Parents of a baby born this month say doctors at Queen Elizabeth Hospital denied their repeated requests for a Caesarean section delivery after a long, difficult labour, which led to the newborn's oxygen supply being cut for more than 20 minutes.
The parents met hospital doctors yesterday about the January 2 birth, but were unhappy with the outcome.
'[The hospital] was unable to give us satisfactory answers on what went wrong during the birth, and they were a bit unwilling to admit that they made any particular mistakes either,' said the father, Au Po-sang. 'I think there must be some kind of problem in the whole [birth] process, or else why was my baby left without oxygen for over 20 minutes? The hospital's reply was just that there are rare cases like this sometimes.'
Mother Supapon Chinvang, who was induced after being admitted, said she pleaded for a Caesarean when the baby was found to be bigger than initially estimated and the birth was difficult, but was ignored. The induced labour lasted over nine hours. '[Medical staff] just told me to stop talking and concentrate on pushing,' the new mother said.
Au said both he and his wife had asked a few times for the surgery, but they were ignored. Doctors estimated that the baby boy, named Au Cheuk-man, would weigh around 3.8kg and decided on a natural birth, but he weighed 4.37kg.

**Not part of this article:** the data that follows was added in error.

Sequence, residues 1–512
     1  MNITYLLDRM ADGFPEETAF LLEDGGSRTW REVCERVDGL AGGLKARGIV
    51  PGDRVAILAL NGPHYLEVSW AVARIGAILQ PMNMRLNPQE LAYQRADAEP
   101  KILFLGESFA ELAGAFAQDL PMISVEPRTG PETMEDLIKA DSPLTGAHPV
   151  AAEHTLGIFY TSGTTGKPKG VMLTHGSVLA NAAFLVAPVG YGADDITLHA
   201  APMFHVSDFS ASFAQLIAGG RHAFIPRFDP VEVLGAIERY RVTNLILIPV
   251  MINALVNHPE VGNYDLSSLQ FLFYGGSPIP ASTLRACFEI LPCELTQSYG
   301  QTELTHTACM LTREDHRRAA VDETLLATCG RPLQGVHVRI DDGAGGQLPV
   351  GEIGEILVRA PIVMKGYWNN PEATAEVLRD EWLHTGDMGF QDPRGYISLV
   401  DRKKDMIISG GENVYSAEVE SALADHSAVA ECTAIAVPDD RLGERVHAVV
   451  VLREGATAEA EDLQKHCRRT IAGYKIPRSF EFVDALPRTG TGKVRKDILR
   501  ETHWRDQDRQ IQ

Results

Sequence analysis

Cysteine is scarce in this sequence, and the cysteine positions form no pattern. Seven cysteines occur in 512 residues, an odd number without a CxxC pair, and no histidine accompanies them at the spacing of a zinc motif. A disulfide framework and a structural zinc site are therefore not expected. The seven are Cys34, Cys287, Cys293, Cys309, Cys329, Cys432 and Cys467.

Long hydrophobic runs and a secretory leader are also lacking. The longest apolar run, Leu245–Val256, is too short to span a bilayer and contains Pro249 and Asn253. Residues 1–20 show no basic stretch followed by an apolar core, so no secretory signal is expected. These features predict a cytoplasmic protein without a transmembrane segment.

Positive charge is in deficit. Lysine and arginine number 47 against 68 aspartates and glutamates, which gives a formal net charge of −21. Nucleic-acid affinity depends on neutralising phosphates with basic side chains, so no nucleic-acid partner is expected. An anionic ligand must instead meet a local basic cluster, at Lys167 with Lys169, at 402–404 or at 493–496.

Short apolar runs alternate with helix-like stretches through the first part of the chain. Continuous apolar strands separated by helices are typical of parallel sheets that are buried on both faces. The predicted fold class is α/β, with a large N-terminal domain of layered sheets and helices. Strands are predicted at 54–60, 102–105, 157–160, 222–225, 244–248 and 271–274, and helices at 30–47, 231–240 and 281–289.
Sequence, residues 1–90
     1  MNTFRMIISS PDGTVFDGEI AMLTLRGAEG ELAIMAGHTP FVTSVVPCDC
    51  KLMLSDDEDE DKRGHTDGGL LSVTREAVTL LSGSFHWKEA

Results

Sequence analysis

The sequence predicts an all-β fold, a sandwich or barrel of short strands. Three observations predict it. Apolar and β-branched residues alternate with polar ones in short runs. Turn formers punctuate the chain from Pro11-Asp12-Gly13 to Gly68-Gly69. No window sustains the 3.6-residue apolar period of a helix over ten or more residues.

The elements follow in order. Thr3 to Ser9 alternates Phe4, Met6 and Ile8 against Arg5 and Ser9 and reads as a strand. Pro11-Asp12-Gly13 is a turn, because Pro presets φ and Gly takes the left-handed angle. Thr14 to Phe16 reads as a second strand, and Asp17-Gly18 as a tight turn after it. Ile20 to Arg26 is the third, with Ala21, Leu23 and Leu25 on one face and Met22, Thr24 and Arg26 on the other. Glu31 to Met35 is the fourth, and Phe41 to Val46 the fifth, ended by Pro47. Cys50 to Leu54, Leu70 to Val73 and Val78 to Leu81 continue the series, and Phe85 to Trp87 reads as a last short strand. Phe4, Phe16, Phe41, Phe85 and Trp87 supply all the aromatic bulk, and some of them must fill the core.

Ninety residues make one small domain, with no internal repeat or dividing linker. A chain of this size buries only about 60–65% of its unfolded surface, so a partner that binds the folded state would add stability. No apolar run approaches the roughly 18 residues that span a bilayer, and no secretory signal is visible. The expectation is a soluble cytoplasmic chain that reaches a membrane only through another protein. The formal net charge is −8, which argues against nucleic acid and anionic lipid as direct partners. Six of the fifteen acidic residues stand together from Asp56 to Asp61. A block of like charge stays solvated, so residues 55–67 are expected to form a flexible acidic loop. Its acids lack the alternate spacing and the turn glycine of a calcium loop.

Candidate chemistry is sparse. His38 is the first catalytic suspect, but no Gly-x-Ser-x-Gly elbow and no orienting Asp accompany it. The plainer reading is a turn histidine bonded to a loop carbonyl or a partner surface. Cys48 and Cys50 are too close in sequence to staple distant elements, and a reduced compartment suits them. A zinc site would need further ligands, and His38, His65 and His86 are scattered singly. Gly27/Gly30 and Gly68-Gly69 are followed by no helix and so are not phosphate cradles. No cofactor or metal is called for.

The birth was also complicated when the baby's shoulder became stuck behind the mother's pelvic bone, known as shoulder dystocia, and compression of the umbilical cord occurred in the birth canal.
He was deprived of oxygen for more than 20 minutes before a suction device was used. Doctors gave him six injections to restart his heart.
A hospital spokeswoman said last night that doctors decided against a Caesarean section because of risk factors. A report has been handed to the Hospital Authority.
Officials have met the family three times, extending apologies.
The baby has been in intensive care since birth. He only regained consciousness this week. '[The baby] is still physically too weak to undergo many of the tests, so we don't know how serious the damage is to his brain and other functions,' said Au.
The hospital said a brain scan was scheduled for February 9.
Au said they would decide on their next step after receiving medical reports. 'I want the hospital to explain this ... they cannot just write this off as an accident. As for compensation, I will be asking for it and also reserve the right to prosecute in law,' said Au.